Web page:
📖 🇬🇶 #12: A banned Equatoguinean story

Trifonia Melibea Obono's La Bastarda

Welcome to Bookmarked, a weekly newsletter following my journey as I read one book from every country. If you’re enjoying my project, I’d love it if you shared Bookmarked with a friend.


Trifonia Melibea Obono’s La Bastarda is the first book by an Equatoguinean woman to be translated into English and is banned in Equatorial Guinea. The 88-page story follows Okomo, an orphaned teenager who befriends a group of “mysterious” girls and ultimately falls in love with their leader, challenging the traditional roles of gender and sexuality in Fang culture. Rich with symbolism, it is a powerful coming-of-age story, which explores what it’s like to be a ‘bastard’, a woman, and a lesbian, in a society that values none.

My mother got pregnant when she was nineteen and died while giving birth, her death brought about by witchcraft. From that moment I was declared a bastarda—a bastard daughter. I had been born before my father paid the dowry in exchange for my mother. That’s why society looked at me with contempt and people called me ‘the daughter of an unmarried Fang woman’ or ‘the daughter of no man’.

In Fang culture, girls are expected to reproduce as soon as they start to menstruate and men are considered useless if they do not impregnate their wives. These beliefs are enforced by a council of elders, including Okomo’s grandfather Barefoot Osá, who blame women for infertility and gay men for everything else, even a bad harvest. Following the death of her mother, Okomo is raised by her maternal grandparents, whose marriage is polygamous and plagued by jealousy. Okomo’s relationship with Barefoot Osá, and the gender hierarchy of their family, is explored through the particularly disgusting metaphor of Okomo being forced to cut his toenails, something she describes as having “hardened into [her] own personal burden.”

Okomo, somewhat of an outsider on account of not knowing her father, feels drawn to the people in her community who manage to rebel against its suffocating norms. She is especially close to her uncle Marcelo, a gay man who provokes outrage from his family when he refuses to conform to Fang expectation by having sex with his sister-in-law to ensure the continuation of his family’s lineage. His refusal to comply with his family’s wishes cause him to become estranged from them and go into hiding in the forest.

It is in this same forest that Okomo meets Dina, Pilar, and Linda, three girls who also reject the patriarchal expectations of the Fang people. Together these girls are known as “the Indecency Club” and they engage in joyful, consensual sex with one another. As Okomo secretly explores the possibilities of her own sexuality, experiencing freedom and acceptance for the first time, she confronts the linguistic issue that underpins the entire novel, asking her uncle: “If a man who is with another man is called a man-woman, what are women called who do the same?”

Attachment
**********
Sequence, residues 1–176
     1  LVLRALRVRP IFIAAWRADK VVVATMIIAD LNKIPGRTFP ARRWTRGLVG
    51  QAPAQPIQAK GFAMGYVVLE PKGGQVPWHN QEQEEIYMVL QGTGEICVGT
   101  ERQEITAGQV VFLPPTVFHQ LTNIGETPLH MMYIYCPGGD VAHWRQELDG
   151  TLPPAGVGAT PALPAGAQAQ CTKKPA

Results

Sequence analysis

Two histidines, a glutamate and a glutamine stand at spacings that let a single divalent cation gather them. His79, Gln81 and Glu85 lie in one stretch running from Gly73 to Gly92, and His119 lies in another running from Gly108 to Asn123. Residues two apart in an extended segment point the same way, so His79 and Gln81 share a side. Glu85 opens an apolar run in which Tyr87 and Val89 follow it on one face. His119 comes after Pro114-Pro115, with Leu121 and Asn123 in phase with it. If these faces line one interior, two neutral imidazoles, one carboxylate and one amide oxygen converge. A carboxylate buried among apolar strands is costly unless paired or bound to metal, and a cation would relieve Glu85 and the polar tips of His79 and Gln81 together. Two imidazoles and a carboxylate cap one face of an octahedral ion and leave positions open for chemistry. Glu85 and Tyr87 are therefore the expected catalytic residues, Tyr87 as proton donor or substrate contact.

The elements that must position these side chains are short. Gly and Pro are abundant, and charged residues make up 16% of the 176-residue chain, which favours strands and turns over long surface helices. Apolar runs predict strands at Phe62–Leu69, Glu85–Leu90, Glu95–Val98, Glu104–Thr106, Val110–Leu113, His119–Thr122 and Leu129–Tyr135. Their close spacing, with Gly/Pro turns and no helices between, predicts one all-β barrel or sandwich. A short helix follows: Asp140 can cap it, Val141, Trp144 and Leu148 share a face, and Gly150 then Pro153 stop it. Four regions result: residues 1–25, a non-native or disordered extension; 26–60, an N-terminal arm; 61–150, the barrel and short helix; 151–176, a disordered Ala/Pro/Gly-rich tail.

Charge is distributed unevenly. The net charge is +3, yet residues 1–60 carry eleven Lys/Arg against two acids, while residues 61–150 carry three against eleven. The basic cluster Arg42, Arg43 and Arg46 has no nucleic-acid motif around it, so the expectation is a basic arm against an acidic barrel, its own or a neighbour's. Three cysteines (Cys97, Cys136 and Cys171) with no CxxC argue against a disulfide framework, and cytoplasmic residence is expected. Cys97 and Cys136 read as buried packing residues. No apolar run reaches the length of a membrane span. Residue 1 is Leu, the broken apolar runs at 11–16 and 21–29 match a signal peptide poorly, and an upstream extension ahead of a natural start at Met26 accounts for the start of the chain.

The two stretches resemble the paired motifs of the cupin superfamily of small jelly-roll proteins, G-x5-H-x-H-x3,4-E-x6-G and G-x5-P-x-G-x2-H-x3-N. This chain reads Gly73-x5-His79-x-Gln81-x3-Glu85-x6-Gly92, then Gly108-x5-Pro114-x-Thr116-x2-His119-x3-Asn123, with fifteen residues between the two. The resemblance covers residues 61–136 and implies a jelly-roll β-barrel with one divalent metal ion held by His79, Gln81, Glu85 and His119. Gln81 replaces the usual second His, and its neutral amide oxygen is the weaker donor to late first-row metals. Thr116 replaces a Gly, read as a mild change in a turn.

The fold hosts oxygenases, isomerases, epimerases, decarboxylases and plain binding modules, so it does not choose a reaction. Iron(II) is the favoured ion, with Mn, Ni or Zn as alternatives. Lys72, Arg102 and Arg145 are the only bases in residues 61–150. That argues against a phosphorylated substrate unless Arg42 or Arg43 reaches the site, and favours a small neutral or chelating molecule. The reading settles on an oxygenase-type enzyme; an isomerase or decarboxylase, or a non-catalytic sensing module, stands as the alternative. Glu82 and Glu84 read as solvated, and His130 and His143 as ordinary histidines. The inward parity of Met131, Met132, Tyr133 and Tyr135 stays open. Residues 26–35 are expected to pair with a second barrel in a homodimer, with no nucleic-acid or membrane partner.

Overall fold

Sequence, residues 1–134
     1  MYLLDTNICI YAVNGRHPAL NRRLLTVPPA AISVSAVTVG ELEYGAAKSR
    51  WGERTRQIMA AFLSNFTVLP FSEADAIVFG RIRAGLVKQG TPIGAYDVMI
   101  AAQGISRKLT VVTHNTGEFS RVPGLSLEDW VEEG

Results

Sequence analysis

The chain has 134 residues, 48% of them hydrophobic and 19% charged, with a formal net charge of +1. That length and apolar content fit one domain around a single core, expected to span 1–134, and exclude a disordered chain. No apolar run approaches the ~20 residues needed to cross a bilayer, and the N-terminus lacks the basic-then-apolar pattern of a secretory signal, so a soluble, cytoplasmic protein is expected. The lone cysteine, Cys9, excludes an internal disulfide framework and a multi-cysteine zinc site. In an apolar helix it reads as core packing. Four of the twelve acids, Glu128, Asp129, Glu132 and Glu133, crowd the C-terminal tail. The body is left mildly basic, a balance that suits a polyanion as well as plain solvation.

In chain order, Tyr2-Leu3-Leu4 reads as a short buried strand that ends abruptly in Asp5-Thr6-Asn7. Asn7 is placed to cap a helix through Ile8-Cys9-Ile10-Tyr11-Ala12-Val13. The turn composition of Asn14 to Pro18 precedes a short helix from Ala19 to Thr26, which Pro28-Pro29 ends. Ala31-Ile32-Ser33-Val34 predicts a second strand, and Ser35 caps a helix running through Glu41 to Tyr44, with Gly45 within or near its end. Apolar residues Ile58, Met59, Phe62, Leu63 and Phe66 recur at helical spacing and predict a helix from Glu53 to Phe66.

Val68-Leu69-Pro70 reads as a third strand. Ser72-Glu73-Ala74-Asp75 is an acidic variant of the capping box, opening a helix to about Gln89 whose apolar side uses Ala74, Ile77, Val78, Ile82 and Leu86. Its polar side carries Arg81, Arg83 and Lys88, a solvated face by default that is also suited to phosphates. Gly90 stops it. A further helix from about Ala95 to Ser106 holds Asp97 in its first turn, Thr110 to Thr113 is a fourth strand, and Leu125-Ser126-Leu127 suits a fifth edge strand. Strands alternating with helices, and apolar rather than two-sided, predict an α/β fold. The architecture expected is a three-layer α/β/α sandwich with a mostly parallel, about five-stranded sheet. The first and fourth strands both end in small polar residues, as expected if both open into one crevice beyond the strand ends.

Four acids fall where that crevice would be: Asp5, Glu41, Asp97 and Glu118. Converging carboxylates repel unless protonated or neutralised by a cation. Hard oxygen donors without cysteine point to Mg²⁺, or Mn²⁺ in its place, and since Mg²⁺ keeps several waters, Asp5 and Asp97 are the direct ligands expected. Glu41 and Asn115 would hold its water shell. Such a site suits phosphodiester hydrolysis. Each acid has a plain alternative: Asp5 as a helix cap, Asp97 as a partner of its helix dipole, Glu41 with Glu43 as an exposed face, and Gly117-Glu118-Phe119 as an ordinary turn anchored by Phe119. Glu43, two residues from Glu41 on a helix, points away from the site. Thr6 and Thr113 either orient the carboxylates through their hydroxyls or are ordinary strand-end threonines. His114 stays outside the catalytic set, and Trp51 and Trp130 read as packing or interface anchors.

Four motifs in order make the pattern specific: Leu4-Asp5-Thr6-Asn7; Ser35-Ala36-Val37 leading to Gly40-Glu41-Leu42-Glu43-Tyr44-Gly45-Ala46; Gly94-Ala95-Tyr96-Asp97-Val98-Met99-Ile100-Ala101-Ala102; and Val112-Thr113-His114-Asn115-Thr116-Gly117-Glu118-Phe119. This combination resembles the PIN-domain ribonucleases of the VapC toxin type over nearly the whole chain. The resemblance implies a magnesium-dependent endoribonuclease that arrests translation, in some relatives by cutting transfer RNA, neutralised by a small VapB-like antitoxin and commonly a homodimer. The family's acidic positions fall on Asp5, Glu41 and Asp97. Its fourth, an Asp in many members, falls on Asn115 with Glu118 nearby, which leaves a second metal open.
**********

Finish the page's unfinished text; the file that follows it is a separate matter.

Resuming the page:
“There isn’t a word for it,” he replies. “It’s like you don’t exist.”

This conversation raises an interesting point about Fang language: while male homosexuality is understood through a pejorative term and gay men in La Bastarda are vilified; female homosexuality isn’t recognised and lesbians, at least initially, go unnoticed. At first Okomo and the Indecency Club make the most of this invisibility, exploring their sexuality without arousing much suspicion from their elders. But ultimately they cannot escape the effect that growing up in a violently homophobic society has on the way they perceive the world.

La Bastarda is a brief and extremely powerful exploration of gender and the right to your own sexuality. The book’s afterword, which is written by historian Abosede George, explores the linguistic diversity of Equatorial Guinea, and is especially enlightening. It’s a quick and hugely worthwhile read, which I can’t recommend highly enough.

La Bastarda by Trifonia Melibea Obono, tr. Lawrence Schimel (Feminist Press, 2018 / Flores Raras, 2016)

More books by Equatoguinean authors

Here’s a list of the other recommendations I received this week:

  • By Night the Mountains Burn by Juan Tomás Ávila Laurel, tr. Jethro Soutar

  • The Gurugu Pledge by Juan Tomás Ávila Laurel, tr. Jethro Soutar

  • Shadows of Your Black Memory by Donato Ndongo, tr Michael Ugarte

What have you read recently?

If you’ve read a brilliant book in translation or want to pass on a recommendation, I’d love to hear about it! For this project, I’m focussing on contemporary fiction and short stories, with a preference for female authors—but I won’t be too dogmatic about it so do share recommendations that don’t quite fit the bill, too.

You can get in touch by replying to this email or leaving a comment. I’ll be featuring your recommendations in upcoming newsletters, and I’ll keep a growing list here.

Leave a comment

Bookmarked is written by Tabatha Leggett. Thanks to Lawrence Schimel for this issue’s recommendations. If you know someone who would enjoy this newsletter, please forward it to them!